also engage the audience through videos of students learning math in different
ways and share a wealth of resources to help students on their mathematics
journeys.

December 7th, 2016 6:30 - 8:00 PM

Jordan Middle School, Palo Alto

750 N California Ave, Palo Alto, CA 94303

Free child care is available.

PLEASE RSVP: http://goo.gl/forms/kb00AQ44fD

## Tuesday, November 3, 2015

### Event: Julia Robinson Mathematics Festival in San Mateo on Nov. 21, 2015

Registration has just opened for the November 21, 2015 Julia Robinson Math Festival in San Mateo. Two years ago, I took a group of BPC students to this event and we had a terrific time exploring math in a collaborative environment. I highly recommend this event if you have the time to check it out!

Register here.

Register here.

## Thursday, October 29, 2015

### Video: The Great Math Mystery (NOVA)

Thanks to EB2018 for sharing this video with me. We discussed the Fibonacci sequence when we were studying arithmetic sequences. Through that discussion, EB recalled this program he saw and shared it with me. The sixth graders have watched the first 6:30 minutes related to math and nature. I highly recommend the video as it ask the question, "Is math part of the natural world, or is math a construct of our mind?"

## Sunday, October 25, 2015

### Snapshot: 8A Applying Systems of Equations

The eighth grade is working hard to develop their algebraic tool box. They are learning the different tools used to solve systems of equations. We have practiced substitution, graphing and elimination. The class's tool of choice is elimination!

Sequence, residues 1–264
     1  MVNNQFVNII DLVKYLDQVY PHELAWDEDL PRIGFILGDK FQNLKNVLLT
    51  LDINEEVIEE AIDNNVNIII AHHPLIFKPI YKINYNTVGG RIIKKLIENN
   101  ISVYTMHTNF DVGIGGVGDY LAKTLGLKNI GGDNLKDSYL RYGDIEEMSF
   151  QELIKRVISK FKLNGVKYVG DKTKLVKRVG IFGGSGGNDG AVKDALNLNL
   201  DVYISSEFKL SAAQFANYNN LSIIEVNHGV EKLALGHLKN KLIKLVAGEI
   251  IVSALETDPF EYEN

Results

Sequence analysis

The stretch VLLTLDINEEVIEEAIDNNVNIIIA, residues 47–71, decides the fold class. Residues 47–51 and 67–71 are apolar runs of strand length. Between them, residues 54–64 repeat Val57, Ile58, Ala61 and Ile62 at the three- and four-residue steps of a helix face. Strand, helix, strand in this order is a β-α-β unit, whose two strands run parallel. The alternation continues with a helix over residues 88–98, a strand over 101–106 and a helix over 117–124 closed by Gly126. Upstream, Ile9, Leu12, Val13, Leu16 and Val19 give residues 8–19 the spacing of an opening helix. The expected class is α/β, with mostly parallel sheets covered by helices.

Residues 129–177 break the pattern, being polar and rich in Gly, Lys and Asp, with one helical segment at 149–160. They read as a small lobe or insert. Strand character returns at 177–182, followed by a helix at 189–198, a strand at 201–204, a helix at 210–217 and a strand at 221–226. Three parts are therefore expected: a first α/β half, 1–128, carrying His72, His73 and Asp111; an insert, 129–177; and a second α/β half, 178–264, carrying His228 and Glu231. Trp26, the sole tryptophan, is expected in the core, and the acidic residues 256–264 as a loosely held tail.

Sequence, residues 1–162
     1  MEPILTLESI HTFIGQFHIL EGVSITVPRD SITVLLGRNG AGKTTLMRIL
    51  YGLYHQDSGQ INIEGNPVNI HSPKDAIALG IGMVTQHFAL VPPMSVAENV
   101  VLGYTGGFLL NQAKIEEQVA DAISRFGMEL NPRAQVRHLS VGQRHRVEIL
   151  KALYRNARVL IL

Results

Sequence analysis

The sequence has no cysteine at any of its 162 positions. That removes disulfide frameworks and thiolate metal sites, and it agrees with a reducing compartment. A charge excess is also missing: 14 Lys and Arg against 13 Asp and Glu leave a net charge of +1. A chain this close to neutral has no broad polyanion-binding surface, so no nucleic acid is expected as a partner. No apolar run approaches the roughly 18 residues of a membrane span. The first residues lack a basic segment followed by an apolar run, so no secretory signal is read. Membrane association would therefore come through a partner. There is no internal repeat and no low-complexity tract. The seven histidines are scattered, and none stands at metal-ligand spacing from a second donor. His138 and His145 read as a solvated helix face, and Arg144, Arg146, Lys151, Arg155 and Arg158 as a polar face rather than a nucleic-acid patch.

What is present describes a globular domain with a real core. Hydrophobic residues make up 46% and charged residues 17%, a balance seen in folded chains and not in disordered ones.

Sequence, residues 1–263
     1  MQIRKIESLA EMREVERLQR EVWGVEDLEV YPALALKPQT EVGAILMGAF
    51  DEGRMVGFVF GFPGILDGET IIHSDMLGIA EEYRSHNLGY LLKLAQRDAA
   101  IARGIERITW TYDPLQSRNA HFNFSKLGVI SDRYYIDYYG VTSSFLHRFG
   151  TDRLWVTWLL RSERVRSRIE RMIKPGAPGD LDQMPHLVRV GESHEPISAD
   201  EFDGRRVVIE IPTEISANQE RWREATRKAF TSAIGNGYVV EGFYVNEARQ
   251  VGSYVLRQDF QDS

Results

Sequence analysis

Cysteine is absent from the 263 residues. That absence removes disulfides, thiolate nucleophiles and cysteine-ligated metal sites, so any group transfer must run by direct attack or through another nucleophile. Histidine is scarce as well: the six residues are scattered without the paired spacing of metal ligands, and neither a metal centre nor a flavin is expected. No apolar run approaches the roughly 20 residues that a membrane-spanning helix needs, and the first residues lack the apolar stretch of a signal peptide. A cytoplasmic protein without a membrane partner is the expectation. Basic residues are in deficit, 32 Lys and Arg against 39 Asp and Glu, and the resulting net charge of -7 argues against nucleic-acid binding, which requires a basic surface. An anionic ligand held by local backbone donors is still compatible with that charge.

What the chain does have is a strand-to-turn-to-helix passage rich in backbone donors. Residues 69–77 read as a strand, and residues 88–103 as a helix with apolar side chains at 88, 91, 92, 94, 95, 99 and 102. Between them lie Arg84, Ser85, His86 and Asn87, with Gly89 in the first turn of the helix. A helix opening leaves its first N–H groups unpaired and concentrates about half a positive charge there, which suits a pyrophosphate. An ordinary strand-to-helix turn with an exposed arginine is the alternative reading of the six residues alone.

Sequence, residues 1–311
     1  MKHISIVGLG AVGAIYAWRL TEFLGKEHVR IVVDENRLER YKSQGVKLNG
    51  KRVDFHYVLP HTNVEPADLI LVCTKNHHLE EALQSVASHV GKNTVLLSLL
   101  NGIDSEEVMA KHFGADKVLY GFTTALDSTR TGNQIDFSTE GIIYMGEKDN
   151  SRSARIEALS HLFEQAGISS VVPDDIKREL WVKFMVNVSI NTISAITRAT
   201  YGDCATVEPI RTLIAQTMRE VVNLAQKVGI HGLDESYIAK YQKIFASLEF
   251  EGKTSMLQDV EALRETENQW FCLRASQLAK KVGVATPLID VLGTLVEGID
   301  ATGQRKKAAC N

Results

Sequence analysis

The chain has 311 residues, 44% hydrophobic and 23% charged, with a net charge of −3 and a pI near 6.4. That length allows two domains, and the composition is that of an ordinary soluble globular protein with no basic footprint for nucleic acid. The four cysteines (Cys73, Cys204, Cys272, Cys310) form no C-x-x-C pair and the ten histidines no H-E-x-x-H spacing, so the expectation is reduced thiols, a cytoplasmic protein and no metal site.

To help us synthesize our learning, we set out to figure out which tools worked best in different scenarios. Each group was given a pair of equations to solve. They had to graph the solution, use substitution to solve the system, and use elimination to solve the system. We discussed and identified characteristics of each set of problems to help us determine which was the best tool for each scenario. Below, are the notes from our exploration.

Our greatest challenge in this work has been keeping track negative signs, applying the distributive property, and correctly manipulating equations according to the reverse of the order of operations.

### Snapshot: 6 Math Challenges

Math Challenge 1: Rrribbitt! |

The goals of the math challenges are:

- Build problem solving strategies and tools
- Practice communicating mathematical ideas in written & oral formats
- Give and receive critical feedback
- Practice working collaboratively

The math challenges are chosen because they have multiple entry points: it can be solved with numbers, solved using a drawing, or using algebra. By design, this allows us to explore problems from multiple points of views and to check our thinking and work. The class has just begun to practice how they document their thinking and how they present their work to the group. Look forward to many more examples of our math challenge work in the coming months.

## Wednesday, October 7, 2015

### Video: TED-Ed How Folding Paper Can Get You to the Moon

This is a great illustration of how exponential growth is different than multiplication. How realistic is this example?

## Thursday, October 1, 2015

### Snapshot: 7A Four 4's Challenge

The seventh grade kicked off the school year with the Four 4's challenge. They had to use four 4's to make equations for each number between 0 and 50. They could use the operations add, subtract, multiply, divide, parentheses, exponent, and square roots. They were introduced the concept of factorials (4! = 4 x 3 x 2 x 1 = 24). We found patterns to find families of answers and exercised our understanding of order of operations to find solutions. The even numbers were easier to find and we are now left with the challenge of finding solutions for 31, 33, 37, 39, and 41.

Can you figure out the missing numbers?

## Wednesday, September 30, 2015

### Snapshot: 6 Order of Operations